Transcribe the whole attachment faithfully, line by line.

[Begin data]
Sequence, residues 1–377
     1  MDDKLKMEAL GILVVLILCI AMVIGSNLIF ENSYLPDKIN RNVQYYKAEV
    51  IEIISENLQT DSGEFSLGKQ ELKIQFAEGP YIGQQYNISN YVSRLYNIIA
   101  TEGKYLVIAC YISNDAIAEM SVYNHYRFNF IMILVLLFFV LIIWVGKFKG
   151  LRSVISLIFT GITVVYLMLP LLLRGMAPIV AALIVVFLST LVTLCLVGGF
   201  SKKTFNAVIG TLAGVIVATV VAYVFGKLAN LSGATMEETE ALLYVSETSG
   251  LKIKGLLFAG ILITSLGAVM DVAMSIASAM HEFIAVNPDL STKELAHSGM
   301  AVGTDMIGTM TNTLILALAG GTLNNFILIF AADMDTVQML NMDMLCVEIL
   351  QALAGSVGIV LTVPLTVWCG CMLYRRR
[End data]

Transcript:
Sequence, residues 1–377
     1  MDDKLKMEAL GILVVLILCI AMVIGSNLIF ENSYLPDKIN RNVQYYKAEV
    51  IEIISENLQT DSGEFSLGKQ ELKIQFAEGP YIGQQYNISN YVSRLYNIIA
   101  TEGKYLVIAC YISNDAIAEM SVYNHYRFNF IMILVLLFFV LIIWVGKFKG
   151  LRSVISLIFT GITVVYLMLP LLLRGMAPIV AALIVVFLST LVTLCLVGGF
   201  SKKTFNAVIG TLAGVIVATV VAYVFGKLAN LSGATMEETE ALLYVSETSG
   251  LKIKGLLFAG ILITSLGAVM DVAMSIASAM HEFIAVNPDL STKELAHSGM
   301  AVGTDMIGTM TNTLILALAG GTLNNFILIF AADMDTVQML NMDMLCVEIL
   351  QALAGSVGIV LTVPLTVWCG CMLYRRR